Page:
Lectin Histochemistry to Detect Altered Glycosylation in Cells and Tissues
A lectin is “a protein or glycoprotein of non-immune origin, not an enzyme, that binds to carbohydrates and agglutinates cells” (1). Lectins are naturally occurring substances, most commonly derived from plant or sometimes invertebrate sources, that can be exploited in the laboratory to detect and reveal carbohydrate structures in or on the surface of cells in very much the same way that antibodies can be used to reveal specific antigens. Lectins can detect very subtle alterations in cellular glycosylation. This is of interest in metastasis research as there is increasing evidence that marked glycosylation changes can attend both transformation to malignancy and tumor progression. Lectins are named after the source from which they are derived-sometimes the Latin binomial (e.g., Bandeirea simplicifolia lectin or Dolichos biflorus lectin), sometimes the common name (e.g., peanut lectin or wheatgerm lectin), or some-times by a slightly obscure historical term (e.g., Concanavalin A [Con A] for the lectin from Canavalia ensiformis, the jack bean). The term lectin is used fairly interchangeably with the older term “agglutinin,” as in peanut agglutinin or Helix pomatia agglutinin. Lectins are often referred to by an abbreviation for their names, for example, PNA (peanut agglutinin) or DBA (Dolichos biflorus agglutinin); obscurely, PHA, which actually stands for phytohaemagglutinin is, for historical reasons, the abbreviation usually employed for the lectin derived from Phaseolus vulgaris. Many sources yield more than one lectin, termed isolectins, which may have quite different carbohydrate binding specificities (e.g., the gorse Ulex europaeus yields two major isolectins, Ulex europaeus agglutinin I [UEA-I], which has a strong binding preference for fucose, and Ulex europaeus agglutinin II [UEA-II], which has a strong binding preference for N-acetylglucosamine).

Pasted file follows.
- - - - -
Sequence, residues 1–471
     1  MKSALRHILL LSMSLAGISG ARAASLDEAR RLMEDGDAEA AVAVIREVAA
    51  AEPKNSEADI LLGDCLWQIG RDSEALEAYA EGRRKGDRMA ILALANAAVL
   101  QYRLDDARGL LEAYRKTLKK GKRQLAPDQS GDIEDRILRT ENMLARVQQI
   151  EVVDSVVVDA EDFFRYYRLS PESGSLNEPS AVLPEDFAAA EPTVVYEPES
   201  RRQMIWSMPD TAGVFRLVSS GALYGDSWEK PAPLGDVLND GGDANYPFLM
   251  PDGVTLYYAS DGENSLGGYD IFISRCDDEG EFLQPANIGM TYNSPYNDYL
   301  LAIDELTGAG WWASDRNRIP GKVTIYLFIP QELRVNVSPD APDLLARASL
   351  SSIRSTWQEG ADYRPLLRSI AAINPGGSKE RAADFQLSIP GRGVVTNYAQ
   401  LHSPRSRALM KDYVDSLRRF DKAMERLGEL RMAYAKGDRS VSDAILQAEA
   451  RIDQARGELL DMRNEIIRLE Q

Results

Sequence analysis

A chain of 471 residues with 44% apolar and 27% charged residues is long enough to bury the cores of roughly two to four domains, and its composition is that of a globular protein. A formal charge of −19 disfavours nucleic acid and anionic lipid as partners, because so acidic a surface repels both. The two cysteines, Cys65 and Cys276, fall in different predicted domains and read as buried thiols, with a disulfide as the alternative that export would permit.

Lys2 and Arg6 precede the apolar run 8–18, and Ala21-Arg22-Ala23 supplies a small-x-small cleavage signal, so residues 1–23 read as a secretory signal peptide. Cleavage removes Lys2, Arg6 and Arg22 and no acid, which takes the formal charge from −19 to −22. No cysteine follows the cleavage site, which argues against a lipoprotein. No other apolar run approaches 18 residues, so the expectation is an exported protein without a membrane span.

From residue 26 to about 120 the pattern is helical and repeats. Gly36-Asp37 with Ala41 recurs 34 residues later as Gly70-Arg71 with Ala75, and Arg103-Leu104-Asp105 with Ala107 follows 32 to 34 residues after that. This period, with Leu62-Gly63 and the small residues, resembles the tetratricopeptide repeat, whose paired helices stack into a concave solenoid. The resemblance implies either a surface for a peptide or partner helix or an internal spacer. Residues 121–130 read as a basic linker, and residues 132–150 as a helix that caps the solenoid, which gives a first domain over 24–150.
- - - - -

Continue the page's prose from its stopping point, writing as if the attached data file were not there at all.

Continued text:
KeywordsMicrowave Acetone Carbohydrate Adenocarcinoma Agarose
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